Form when α helices have most of their nonpolar side chains on one side → twist so side chains face inward (min contact w aq cytosol).
- I.e. driven/stabilized by hydrophobic forces.
- Long, rod-like coiled-coils form struc framework for many elongated proteins.
- α-keratin - forms IC fibers; reinforce epidermis.
- myosin - motor protein → muscle contraction
β sheets form via H bonding b/w segments of polypeptide chain that lie side by side. What region of proteins do β sheets typ form?
β sheets form rigid structures at the core of many proteins.
- Confer extraordinary tensile strength, e.g. silk fibers.
- Stabilize amyloid fibers: insoluble protein aggregates (recall: prions).
- Note: infectious bacteria can use amyloid fibers to help form biofilms → colonize host tissues; other types of filamentous bacteria use amyloid fibers to extend filaments into air → disperse spores. I.e. not always disruptive.
Which common folding pattern typ helps stabilize misfolded protein aggregates?
The beta sheet helps/stabilizes misfolded protein aggregates; permits formation of amyloid fibers.
Briefly summarize the four levels of protein structure.
- Struc begins w AA seq → primary struc.
- α helices and β sheets w/i polypeptide chain → secondary struc.
- Full 3D conformation formed by entire polypeptide chain (incl α helices, β sheets, random coils, other loops/folds b/w N- and C-termini) → tertiary struc.
- If multi proteins combine to form complex → quaternary struc.
Which level of protein structure does not involve covalent bonds?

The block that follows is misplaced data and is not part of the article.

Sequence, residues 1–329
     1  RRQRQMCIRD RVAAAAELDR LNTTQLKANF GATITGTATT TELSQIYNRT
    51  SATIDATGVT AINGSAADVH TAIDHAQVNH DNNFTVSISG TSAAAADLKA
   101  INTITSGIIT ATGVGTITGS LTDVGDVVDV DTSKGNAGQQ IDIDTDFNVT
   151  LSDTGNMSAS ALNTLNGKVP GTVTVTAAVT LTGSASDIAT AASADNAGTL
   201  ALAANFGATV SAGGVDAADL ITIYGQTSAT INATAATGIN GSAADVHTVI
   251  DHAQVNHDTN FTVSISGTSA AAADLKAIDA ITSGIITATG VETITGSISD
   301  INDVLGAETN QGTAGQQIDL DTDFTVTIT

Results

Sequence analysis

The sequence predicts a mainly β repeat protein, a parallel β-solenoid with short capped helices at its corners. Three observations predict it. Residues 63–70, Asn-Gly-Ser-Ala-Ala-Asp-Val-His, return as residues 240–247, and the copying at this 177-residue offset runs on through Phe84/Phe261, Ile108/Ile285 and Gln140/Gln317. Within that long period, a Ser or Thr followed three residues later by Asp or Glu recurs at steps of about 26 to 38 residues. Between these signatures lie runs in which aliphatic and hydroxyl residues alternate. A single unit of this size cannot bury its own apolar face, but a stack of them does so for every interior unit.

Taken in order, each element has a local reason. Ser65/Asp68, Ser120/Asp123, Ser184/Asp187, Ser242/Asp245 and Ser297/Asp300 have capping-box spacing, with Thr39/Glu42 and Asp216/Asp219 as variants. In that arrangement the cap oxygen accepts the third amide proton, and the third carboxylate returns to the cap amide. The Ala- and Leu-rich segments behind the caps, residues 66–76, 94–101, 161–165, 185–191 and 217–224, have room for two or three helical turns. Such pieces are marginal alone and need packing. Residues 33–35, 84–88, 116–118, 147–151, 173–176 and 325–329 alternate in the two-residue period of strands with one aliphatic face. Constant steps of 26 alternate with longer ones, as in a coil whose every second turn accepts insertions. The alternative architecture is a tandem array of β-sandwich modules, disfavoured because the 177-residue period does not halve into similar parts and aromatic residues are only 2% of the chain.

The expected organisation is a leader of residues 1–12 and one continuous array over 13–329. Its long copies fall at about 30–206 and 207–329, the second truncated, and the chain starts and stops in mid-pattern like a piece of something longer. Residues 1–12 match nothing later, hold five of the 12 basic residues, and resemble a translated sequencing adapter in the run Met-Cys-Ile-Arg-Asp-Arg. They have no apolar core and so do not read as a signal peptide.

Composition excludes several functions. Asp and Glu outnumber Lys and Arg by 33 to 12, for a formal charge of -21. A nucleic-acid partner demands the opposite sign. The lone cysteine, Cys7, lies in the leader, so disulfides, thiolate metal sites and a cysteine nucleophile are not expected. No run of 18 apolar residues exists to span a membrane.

Secondary struc (alpha helices/beta sheets) does not involve covalent bonds; only H-bonds.
- Secondary struc involves backbone-backbone interactions.
- Tertiary struc involves side chain interactions, wh can include disulfide bridges (covalent).
What are protein domains?
Protein domain - Segment of polyp chain that can fold into compact stable struc and typ carries out specific function.
- Typ 40-350 AAs folded into α helices, β sheets, other elements of 2nd struc
- Modular unit fr wh many larger proteins are constructed.
- Diff domains typ = diff func.
What term refers to the modular unit fr wh many larger proteins are constructed?
Protein domains are the modular unit fr wh many larger proteins are constructed
Large proteins typ contain several dozen protein domains connected by __________.
Large proteins typ contain several dozen protein domains connected by unstructured regions.
What are intrinsically disordered sequences?
Intrinsically disordered seqs - seqs w/o definite 3D struc; typ found as short stretches linking domains in otherwise highly ordered proteins; comprise unstructured regions.